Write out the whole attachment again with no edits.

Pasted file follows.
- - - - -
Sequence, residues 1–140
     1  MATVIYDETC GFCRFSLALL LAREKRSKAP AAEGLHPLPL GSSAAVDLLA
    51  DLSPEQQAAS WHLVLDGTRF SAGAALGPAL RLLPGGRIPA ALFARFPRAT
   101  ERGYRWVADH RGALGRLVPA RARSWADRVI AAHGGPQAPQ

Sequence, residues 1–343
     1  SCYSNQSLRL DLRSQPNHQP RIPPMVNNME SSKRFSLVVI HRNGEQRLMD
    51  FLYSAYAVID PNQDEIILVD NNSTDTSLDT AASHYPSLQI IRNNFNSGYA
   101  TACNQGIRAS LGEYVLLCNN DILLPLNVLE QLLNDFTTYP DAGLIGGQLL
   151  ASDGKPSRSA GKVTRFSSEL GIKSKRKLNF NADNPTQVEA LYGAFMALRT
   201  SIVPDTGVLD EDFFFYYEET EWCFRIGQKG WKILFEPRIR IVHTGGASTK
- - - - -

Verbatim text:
Sequence, residues 1–140
     1  MATVIYDETC GFCRFSLALL LAREKRSKAP AAEGLHPLPL GSSAAVDLLA
    51  DLSPEQQAAS WHLVLDGTRF SAGAALGPAL RLLPGGRIPA ALFARFPRAT
   101  ERGYRWVADH RGALGRLVPA RARSWADRVI AAHGGPQAPQ

Sequence, residues 1–343
     1  SCYSNQSLRL DLRSQPNHQP RIPPMVNNME SSKRFSLVVI HRNGEQRLMD
    51  FLYSAYAVID PNQDEIILVD NNSTDTSLDT AASHYPSLQI IRNNFNSGYA
   101  TACNQGIRAS LGEYVLLCNN DILLPLNVLE QLLNDFTTYP DAGLIGGQLL
   151  ASDGKPSRSA GKVTRFSSEL GIKSKRKLNF NADNPTQVEA LYGAFMALRT
   201  SIVPDTGVLD EDFFFYYEET EWCFRIGQKG WKILFEPRIR IVHTGGASTK